1. Offense must find a way to improve execution
Bills head coach Sean McDermott was asked a number of questions as to what is needed on offense to improve their level of success. From offensive identity to getting the ball to playmakers, Buffalo's sideline boss recognizes that the team's attack might not have a recognizable identity. But he believes if they can simply improve their execution that what they are as an offense will reveal itself.
"We've got to score more points," he said. "I said it after the game and after watching the tape I still feel the same way. We've got to score to enable ourselves to win games and be a threat down the stretch. That's what we've got to do."
When asked if he'd prefer to be more of a run-oriented offense or a passing attack, McDermott stated that his end game is much simpler than that.
"I want to move the ball and score points," he said. "Whether it's through the air or on the ground, I want to be able to move the ball and score points and be a physical offense. It all starts with me and putting people in position to make plays and then a higher level of execution.
"You want to be able to extend drives. The more multiple-play drives you have, the harder it is to play clean football all the way through the drive. Whether it's chunks, multiple plays, that's where the higher level of execution has to come in so it leads to points."
2. Assessing the deep passing accuracy issues for the offense
Josh Allen took his shots on some deep throws to a few of his receivers in Sunday's loss to the Browns, but his longest pass play that connected went to Cole Beasley over the middle midway through the fourth quarter for 26 yards.
A deep shot to Isaiah McKenzie over the top was overthrown and there were a few others that missed their intended targets.
For head coach Sean McDermott, he went right back to making the plays happen.
"It's execution. When you look at our offense overall it's a higher level of execution," he said. "How do we do that? We build the rep count. We detail our work during the week and then build a rep count."
McDermott then broke down that play to McKenzie that fell incomplete and explained part of the reason why it was unsuccessful.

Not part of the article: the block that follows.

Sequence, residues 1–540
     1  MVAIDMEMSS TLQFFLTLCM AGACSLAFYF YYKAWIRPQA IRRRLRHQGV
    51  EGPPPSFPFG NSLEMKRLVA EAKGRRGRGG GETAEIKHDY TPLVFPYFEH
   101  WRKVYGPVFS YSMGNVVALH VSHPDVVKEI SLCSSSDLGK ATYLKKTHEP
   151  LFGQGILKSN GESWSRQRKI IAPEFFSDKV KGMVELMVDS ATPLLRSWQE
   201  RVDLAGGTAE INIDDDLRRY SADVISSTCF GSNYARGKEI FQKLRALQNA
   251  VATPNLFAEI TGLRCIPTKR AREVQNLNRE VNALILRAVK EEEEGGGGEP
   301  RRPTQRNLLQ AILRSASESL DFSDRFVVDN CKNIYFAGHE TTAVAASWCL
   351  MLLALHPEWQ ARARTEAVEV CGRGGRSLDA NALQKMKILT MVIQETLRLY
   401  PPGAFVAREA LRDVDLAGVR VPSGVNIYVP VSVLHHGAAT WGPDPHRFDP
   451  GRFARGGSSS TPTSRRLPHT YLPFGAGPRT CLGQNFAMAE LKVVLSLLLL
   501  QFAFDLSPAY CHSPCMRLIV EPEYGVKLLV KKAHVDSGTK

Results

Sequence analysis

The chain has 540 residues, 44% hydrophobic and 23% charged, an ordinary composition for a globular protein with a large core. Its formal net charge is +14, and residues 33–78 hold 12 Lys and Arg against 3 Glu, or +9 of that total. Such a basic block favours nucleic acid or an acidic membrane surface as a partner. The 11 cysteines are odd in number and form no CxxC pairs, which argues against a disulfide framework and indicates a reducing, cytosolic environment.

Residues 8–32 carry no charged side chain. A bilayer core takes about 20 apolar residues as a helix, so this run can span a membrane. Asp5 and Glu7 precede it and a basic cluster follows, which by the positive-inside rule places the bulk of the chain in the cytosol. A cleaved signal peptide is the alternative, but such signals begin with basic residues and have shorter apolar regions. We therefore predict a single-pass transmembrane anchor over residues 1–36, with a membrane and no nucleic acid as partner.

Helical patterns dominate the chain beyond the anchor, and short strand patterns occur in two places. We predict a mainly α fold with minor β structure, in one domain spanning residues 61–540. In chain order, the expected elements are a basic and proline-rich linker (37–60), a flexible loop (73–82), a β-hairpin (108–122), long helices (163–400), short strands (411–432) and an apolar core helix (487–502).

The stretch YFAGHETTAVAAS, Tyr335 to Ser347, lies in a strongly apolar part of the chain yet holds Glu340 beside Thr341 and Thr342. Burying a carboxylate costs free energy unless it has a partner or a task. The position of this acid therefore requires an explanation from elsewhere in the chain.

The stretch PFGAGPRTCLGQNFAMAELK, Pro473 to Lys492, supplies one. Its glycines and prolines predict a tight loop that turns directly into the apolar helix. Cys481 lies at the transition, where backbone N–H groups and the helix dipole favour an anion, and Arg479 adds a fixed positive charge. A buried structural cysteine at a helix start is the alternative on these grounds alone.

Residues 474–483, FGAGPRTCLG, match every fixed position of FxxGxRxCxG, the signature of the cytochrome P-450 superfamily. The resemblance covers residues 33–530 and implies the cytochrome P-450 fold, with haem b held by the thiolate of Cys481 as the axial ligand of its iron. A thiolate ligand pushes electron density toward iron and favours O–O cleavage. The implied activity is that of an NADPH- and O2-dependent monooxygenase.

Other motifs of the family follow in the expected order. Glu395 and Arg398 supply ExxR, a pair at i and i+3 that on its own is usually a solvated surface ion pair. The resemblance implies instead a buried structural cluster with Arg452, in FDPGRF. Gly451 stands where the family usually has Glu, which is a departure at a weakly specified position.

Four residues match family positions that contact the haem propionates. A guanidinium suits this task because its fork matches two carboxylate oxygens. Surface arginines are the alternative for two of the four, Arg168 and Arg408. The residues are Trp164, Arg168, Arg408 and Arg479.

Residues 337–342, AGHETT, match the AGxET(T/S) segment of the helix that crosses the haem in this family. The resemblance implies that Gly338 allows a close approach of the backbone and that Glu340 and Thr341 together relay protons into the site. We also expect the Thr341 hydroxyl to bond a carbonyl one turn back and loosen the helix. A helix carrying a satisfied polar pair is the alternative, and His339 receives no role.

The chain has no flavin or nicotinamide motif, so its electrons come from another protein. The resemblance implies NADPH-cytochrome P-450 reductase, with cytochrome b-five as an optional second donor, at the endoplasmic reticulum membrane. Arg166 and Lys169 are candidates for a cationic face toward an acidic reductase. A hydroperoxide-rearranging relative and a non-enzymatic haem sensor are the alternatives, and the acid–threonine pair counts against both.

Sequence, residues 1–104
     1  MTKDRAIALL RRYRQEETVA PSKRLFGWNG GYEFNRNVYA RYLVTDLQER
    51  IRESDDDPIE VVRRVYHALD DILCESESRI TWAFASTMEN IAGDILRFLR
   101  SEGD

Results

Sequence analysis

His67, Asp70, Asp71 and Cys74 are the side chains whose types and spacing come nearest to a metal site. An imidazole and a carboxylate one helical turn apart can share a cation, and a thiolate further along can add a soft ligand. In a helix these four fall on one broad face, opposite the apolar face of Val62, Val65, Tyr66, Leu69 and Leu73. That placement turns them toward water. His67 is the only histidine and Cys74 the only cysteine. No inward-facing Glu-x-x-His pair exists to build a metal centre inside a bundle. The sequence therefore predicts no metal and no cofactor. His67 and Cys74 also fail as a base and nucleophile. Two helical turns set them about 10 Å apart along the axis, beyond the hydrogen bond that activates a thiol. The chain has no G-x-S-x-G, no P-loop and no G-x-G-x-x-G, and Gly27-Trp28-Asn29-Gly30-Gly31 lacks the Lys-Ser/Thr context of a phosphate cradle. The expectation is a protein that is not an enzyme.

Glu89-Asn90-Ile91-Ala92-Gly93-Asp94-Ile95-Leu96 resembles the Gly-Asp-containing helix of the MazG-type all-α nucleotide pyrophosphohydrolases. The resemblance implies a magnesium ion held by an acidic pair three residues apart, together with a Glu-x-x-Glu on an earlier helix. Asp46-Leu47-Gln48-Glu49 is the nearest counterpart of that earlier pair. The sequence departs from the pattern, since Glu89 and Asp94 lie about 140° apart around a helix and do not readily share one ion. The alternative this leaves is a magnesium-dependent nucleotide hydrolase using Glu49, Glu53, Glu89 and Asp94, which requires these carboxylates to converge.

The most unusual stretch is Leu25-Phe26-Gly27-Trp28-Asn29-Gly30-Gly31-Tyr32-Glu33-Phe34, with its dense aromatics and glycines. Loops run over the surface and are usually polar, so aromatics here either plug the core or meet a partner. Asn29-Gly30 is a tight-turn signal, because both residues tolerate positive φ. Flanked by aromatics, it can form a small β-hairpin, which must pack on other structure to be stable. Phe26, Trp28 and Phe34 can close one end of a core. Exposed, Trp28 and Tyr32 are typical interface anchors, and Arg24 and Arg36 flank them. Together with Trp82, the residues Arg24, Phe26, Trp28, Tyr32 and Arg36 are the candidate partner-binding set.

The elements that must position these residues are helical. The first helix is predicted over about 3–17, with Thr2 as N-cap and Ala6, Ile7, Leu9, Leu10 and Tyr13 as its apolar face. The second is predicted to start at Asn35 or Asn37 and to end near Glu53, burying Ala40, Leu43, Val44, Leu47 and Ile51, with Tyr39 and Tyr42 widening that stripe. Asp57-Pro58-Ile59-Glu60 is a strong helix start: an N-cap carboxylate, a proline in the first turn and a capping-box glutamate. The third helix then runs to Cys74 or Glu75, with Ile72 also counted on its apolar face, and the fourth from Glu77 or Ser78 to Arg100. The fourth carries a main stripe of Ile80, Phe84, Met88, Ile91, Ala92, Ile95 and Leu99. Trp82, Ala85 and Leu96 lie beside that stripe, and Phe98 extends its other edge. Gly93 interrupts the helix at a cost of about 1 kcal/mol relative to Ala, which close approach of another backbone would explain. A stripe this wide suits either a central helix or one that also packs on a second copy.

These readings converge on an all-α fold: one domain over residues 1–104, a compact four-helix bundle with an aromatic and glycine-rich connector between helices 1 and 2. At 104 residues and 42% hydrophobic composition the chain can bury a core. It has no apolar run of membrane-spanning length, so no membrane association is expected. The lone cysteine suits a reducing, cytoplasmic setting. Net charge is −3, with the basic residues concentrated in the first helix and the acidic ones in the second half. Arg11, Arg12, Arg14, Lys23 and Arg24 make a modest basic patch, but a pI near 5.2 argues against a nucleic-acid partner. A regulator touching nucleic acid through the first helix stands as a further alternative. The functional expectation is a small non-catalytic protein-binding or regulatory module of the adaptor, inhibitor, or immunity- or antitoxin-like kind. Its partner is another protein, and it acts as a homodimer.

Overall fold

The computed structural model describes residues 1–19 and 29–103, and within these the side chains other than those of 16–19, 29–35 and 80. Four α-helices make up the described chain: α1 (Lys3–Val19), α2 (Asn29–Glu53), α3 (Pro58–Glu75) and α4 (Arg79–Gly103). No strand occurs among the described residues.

"A couple of good examples on the play to Isaiah down the middle of the seam there is it's an overthrown ball, but there's pressure inside (on Allen) and there's a flash coming from behind the line across and somebody knocks one of our own players off their block and so you're talking about six inches sometimes, but that's the difference between a big play and zero gain in that situation."
Knowing one of the strengths of Allen's game is his ability to take the deep shots, McDermott isn't frustrated by the lack of success for the passing offense in that area. He maintains that they will hit on it sooner rather than later.
"I remain confident in Josh and when you look at what we've been able to do with the way he's been able to develop with short to intermediate this year, and certainly I understand the point of going down the field with accuracy, we have to do that as well," he said. "But that's where execution comes in."
3. Thoughts on 4th-and-4 at end of the game
There was a lot of armchair quarterbacking on what should've been done on the Bills' 4th-and-4 decision to attempt a game-tying 53-yard field goal, especially after the attempt was no good.
Coach McDermott explained some of the discussions that were had on the sideline as the series reached fourth down.
"You always want to have a chance to win the game," McDermott said. "If you go for it on fourth down and you make it, great you give yourself a chance to win the game. If you don't get it, you never really give yourself a chance to win the game. So you want to give your players a chance to win the game and I thought we did that. In that moment I thought it was the right thing for our team."